HC Deb 20 November 1950 vol 481 cc27-8
52. Mr. Dodds

asked the Secretary of State for Foreign Affairs if he will ascertain from the Security Council to what extent the United Nations Interim Commission is permitting the Syngman Rhee administration to exercise authority for civil affairs in that part of North Korea occupied by the United Nations troops.

Mr. Ernest Davies

On 12th October the Interim Committee on Korea advised the Unified Command to assume provisionally all responsibilities for the government and civil administration of those parts of Korea which had not been recognised by the United Nations as being under the effective control of the Government of the Republic of Korea at the outbreak of hostilities.

Mr. Dodds

Is my hon. Friend not aware that there are many people, not Communists, who believe that British troops are giving their lives to protect men guilty of savage and senseless brutality? What is the Home Secretary doing about it?

Mr. Davies

I cannot accept the full implications of that statement, and I really do not think that my right hon. Friend the Home Secretary is responsible for what is happening in that part of the world.

58. Mr. Michael Foot

asked the Secretary of State for Foreign Affairs whether he has received any information from the British representative at the United Nations about the date when the United Nations Commission on Korea, instituted by the eight-Power resolution on 4th October, will be proceeding to Korea.

67. Mr. S. Silverman

asked the Secretary of State for Foreign Affairs what relationship has been defined between the old United Nations Commission on Korea and the new commission recently set up; when the members of the new Commission will arrive in Korea; and whom His Majesty's Government recognises as exercising political as distinct from military authority in Korea in the meanwhile.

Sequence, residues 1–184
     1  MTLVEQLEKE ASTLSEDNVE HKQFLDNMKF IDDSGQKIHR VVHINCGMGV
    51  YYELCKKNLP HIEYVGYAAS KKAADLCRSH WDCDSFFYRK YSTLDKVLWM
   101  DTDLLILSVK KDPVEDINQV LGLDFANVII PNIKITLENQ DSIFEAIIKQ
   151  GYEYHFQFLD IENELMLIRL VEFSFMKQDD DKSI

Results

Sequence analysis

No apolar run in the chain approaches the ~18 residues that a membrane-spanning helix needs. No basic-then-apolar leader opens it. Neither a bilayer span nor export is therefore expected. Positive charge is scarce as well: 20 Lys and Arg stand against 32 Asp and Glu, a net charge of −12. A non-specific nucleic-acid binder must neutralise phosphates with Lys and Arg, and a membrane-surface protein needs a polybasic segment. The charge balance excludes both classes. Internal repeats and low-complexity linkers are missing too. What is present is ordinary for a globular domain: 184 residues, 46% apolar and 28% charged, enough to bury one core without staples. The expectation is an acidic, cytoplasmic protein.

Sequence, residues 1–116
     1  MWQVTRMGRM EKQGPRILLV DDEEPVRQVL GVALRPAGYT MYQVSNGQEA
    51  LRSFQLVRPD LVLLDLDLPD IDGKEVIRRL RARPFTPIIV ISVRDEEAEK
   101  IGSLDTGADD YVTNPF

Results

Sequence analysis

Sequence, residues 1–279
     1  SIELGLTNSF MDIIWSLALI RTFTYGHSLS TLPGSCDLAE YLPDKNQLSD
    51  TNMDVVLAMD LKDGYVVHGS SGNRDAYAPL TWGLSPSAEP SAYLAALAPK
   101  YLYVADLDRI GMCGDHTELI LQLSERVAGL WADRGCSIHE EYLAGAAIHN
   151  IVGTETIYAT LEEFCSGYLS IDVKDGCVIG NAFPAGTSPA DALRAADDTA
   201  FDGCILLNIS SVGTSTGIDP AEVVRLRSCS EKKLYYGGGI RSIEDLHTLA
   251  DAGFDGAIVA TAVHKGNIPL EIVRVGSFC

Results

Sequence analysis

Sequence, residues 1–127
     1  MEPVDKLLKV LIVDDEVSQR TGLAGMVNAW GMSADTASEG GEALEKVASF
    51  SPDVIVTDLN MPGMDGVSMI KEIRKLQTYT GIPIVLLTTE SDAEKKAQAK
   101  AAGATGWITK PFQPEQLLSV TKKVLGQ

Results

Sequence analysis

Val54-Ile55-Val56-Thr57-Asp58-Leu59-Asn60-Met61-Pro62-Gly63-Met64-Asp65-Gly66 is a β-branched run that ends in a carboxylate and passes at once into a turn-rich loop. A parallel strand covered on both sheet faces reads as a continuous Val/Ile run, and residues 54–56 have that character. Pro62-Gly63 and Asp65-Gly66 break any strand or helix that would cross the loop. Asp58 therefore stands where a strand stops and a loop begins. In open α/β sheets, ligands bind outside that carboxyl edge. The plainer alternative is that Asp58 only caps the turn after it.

Mr. Ernest Davies

The new Commission supersedes the old and assumes its functions. I understand that it will leave Tokyo for Korea on 23rd November.

The Government of the Republic of Korea is recognised by His Majesty's Government as the Government of that part of Korea where the United Nations Temporary Commission was able to observe elections. The responsibility for governing and administering the rest of Korea, occupied by United Nations Forces, is being exercised provisionally by the Unified Command.

Mr. Foot

Can the Under-Secretary say exactly when the Commission will be taking over full authority in North Korea?

Mr. Davies

No, Sir. As I have stated, they are expected to arrive, or to leave Tokyo for Korea, on 23rd November, and then the subsequent form of Government and administration will depend upon the recommendations which they make to United Nations.

Mr. S. Silverman

Can the Under-Secretary say whether it has been made quite clear to the Unified Command—which, one gathers, means General MacArthur—that British troops were sent into Korea to save South Korea from aggression by North Korea, and not to fasten upon North Korea the corrupt and bloodthirsty Government of Syngman Rhee?

Mr. Ernest Davies

I cannot accept the implication in the latter part of that supplementary question. The Unified Command is fully aware of the Security Council resolution by which the situation in Korea is governed.

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